I started teaching a brand-new class at Hartford Seminary this week. It has forced me to do a lot of reading and reflection. There have been hundreds of times when I wanted to talk to Bill about something that I had discovered or learned, or was struggling to articulate. This is just one of a myriad of ways my life has changed since his death.
To be honest, I still talk to Bill a lot, and, in our decades together, I often was the one doing most of the talking. I’m sure that surprises no one, but Bill understood that I was someone who thought out-loud. It sometimes drove me crazy because his thought process was internal, and I just had to let him be quiet and think through something. What drove me craziest, though, was that he would process it, but then never share aloud what he concluded or decided. He seemed to forget that last part.
Not having my 35-year thinking partner has been a bit like having part of my brain removed. I find myself having a very hard time making decisions. My assumption at first was that it was simply grief and that time would help heal that. I’m discovering now that is simply not the case. Bill and I were such great partners because we complemented/completed one another. His linear, logical thinking balanced my instinctive, intuitive approach. We needed one another, and I still need him.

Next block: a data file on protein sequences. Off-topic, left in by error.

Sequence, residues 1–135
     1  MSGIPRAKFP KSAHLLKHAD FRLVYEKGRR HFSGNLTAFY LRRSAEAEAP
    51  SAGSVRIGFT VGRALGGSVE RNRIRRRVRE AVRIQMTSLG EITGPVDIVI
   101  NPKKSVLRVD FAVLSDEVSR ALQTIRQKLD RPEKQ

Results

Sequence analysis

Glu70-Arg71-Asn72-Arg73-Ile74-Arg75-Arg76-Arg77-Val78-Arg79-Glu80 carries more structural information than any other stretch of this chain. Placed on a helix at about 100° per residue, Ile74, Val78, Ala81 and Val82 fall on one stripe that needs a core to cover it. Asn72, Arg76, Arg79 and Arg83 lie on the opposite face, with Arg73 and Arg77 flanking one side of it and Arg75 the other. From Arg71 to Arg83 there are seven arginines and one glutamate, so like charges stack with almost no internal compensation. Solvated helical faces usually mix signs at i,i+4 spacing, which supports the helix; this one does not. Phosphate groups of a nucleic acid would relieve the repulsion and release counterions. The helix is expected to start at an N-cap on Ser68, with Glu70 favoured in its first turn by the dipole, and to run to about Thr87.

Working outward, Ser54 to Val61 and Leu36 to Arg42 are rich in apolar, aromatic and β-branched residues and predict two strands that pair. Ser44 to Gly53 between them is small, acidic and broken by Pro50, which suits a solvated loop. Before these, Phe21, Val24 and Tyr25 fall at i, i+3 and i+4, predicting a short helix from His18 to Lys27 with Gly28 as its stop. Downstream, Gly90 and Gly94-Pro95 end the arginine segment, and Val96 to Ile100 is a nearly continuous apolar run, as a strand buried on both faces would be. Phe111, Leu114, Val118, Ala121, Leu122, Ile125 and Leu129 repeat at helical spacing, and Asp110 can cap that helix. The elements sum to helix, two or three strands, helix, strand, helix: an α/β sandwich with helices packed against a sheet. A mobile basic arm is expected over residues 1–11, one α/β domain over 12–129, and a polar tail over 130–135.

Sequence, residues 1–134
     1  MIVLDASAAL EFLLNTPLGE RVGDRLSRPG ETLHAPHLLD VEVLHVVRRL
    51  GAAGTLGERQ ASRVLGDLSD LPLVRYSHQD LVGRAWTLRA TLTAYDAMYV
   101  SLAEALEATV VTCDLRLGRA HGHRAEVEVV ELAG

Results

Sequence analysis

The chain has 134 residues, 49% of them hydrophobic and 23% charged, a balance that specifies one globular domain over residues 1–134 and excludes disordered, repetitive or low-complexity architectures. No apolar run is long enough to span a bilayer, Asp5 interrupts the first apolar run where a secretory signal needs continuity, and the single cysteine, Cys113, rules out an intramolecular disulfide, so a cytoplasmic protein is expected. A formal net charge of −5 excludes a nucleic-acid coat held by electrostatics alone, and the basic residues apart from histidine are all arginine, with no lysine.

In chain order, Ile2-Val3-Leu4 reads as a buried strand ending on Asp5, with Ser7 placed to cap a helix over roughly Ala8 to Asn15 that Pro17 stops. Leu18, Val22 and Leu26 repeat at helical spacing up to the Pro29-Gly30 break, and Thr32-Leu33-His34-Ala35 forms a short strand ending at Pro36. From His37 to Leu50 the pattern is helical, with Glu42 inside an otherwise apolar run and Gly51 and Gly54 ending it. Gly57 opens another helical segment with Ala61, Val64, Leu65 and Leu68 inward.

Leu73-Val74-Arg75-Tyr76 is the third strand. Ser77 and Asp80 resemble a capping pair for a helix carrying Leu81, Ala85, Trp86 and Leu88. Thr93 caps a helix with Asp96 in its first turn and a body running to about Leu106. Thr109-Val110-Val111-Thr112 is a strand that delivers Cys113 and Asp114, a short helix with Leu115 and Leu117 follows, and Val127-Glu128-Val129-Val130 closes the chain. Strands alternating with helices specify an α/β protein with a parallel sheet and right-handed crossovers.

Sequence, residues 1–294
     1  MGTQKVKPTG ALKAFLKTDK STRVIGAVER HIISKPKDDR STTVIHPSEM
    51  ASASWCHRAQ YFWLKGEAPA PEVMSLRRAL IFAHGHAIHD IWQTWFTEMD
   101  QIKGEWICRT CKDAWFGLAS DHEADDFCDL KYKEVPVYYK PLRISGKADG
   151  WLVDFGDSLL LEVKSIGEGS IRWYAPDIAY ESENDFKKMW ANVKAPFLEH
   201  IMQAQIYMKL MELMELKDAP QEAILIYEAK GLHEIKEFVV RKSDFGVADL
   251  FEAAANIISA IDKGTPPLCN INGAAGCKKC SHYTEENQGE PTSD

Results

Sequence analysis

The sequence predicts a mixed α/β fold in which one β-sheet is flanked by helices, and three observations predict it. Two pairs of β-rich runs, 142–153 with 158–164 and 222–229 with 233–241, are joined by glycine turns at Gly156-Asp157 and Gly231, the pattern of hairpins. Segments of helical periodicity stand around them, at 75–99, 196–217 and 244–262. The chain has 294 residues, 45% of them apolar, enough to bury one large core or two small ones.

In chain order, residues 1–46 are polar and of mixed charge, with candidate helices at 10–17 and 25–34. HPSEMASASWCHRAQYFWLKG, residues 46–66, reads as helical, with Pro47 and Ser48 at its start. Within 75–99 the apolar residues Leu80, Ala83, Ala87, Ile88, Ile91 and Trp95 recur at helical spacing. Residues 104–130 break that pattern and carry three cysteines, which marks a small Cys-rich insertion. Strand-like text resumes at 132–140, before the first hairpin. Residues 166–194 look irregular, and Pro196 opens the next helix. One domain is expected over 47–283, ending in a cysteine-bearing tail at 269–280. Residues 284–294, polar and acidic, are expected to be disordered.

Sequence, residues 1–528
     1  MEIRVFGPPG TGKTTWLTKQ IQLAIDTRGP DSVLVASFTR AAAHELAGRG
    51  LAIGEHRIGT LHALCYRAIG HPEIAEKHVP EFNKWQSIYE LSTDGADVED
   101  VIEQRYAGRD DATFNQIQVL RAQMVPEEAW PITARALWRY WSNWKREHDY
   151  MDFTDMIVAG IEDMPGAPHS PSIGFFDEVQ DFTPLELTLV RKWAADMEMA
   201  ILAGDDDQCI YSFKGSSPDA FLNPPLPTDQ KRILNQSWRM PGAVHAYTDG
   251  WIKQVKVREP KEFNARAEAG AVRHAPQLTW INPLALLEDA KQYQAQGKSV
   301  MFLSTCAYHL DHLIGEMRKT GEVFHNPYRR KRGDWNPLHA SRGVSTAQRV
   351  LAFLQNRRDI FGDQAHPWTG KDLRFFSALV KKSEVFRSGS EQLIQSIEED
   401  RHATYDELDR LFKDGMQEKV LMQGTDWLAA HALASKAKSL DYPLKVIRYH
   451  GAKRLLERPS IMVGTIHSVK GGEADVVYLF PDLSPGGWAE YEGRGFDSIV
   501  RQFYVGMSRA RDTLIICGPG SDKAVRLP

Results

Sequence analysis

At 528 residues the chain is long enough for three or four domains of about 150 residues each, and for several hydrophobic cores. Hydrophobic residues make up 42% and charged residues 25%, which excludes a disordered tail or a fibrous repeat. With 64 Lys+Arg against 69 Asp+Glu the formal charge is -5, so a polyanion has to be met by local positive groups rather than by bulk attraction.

In a conversation this week about capital punishment, a student of mine said, “I think a life sentence is a crueler punishment than death.” As a lifelong opponent of the State killing people, I instinctively started to argue with her. Then I thought about my own “life sentence,” and I had to admit she might be right.
When someone who is connected to you at the heart dies, and you are sentenced to live, there is a certain cruelty. Death is so permanent and irreversible. I keep finding parts of me that have “saved” a place for Bill’s return, which of course isn’t going to happen. Like an athlete whose leg has been amputated, I, too, must learn new ways of living and even thinking. Part of my brain is gone forever, but I’ve been sentenced to life without him. Right now, I need him to help me figure out how to do this. He isn’t here to talk to, though I still do. He doesn’t answer any better than he used to, but I have found voices of friends and people like you who seem to channel his gentle wisdom. That has been a great gift … when I am open to shut up and receive it.
Rev. Michael Piazza